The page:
A new twist in the meaning of Thanksgiving happened during another bloody uprising in 1863, the American Civil War. Lincoln proclaimed a day of national Thanksgiving to be held every year, the fourth Thursday of every November. It was to be a day of prayer, reflection and feasting.
Jefferson Davis, the president of the Confederacy, also thanked the same Almighty and proclaimed a similar day of Thanksgiving. There wasn't much celebration though as the Confederacy was collapsing; the evil institution of human slavery in the New World, thankfully, was soon to be squashed.
In 1910, the Turkey Trot was the rage; the dance was controversial for many religious groups who attempted to ban it. The ban didn't work., many were thankful. The Macy's Day Parade marched for the first time in 1924 and the first NFL football radio broadcast was on the airwaves in 1934. The Chicago Bears won 19 – 16 defeating the Detroit Lions. Television followed in 1956.
Thanksgiving 1963 was somber as Americans grappled with the assassination of JFK on November 22.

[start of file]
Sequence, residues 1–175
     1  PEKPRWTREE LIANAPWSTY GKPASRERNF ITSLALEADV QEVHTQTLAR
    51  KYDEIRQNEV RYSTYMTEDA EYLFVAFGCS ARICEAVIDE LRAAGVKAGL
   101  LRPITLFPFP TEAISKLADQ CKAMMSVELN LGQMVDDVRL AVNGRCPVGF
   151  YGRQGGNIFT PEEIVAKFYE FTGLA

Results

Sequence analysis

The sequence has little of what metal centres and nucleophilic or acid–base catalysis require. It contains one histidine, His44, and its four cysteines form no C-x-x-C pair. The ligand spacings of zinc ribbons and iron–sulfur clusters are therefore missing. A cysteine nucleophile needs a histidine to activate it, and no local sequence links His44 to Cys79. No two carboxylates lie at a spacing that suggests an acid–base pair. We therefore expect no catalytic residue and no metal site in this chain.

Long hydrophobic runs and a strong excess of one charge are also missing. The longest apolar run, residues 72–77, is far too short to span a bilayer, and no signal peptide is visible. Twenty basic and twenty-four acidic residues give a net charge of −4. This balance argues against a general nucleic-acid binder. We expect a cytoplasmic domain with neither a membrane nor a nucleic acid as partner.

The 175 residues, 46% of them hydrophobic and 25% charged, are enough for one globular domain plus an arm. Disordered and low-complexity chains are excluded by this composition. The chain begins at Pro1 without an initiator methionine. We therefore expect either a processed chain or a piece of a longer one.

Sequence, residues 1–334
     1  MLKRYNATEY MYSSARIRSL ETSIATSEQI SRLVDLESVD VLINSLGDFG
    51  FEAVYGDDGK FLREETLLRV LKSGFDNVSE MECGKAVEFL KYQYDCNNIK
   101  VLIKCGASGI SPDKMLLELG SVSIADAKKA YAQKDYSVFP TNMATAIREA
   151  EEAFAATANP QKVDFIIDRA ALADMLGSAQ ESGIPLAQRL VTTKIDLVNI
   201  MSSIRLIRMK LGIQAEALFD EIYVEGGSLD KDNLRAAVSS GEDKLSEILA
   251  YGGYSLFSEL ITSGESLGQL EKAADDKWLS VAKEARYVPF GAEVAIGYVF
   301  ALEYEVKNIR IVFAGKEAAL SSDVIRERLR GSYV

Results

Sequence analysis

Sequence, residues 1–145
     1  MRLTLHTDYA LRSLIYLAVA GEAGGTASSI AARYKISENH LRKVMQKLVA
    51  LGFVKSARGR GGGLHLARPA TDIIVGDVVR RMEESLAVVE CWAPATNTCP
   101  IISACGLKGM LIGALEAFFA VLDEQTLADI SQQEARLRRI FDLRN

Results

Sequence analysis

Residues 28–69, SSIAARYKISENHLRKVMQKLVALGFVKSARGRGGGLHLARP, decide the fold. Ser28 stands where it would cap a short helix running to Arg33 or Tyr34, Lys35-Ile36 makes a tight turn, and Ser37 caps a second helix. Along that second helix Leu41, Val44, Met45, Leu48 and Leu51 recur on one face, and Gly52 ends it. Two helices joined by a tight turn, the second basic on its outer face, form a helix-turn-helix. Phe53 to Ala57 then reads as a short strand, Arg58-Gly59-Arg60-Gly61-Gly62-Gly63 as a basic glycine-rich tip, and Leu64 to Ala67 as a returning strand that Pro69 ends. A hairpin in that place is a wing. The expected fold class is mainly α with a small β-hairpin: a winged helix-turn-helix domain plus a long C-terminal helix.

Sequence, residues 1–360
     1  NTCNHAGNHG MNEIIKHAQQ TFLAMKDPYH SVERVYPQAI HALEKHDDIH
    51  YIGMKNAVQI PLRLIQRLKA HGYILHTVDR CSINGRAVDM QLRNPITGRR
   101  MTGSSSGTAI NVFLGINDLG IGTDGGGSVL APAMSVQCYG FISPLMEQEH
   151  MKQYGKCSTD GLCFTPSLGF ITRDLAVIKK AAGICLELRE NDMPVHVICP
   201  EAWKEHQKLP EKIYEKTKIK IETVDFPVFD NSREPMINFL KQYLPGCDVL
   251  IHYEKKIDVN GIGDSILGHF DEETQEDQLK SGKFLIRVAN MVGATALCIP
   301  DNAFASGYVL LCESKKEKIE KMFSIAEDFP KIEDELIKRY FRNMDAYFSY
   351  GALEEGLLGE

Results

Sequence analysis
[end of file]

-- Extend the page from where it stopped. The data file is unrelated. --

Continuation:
Thanksgiving is a holiday on a long and varied journey, much, much more than a woodland feast in 1621. A hundred or so years from now, how will someone reflect on what we do for the holiday?
What are your thoughts - comments?
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Thanksgiving Sweet Potatoes or Yams
I like both but probably prefer the sweet potato. Real sweet potato pie is one of the world's best delicacies, Thanksgiving or not.
Sweet potatoes and yams are two completely separate vegetables from completely different families. Often what is called a “yam” is actually a sweet potato, both terms are often intermingled.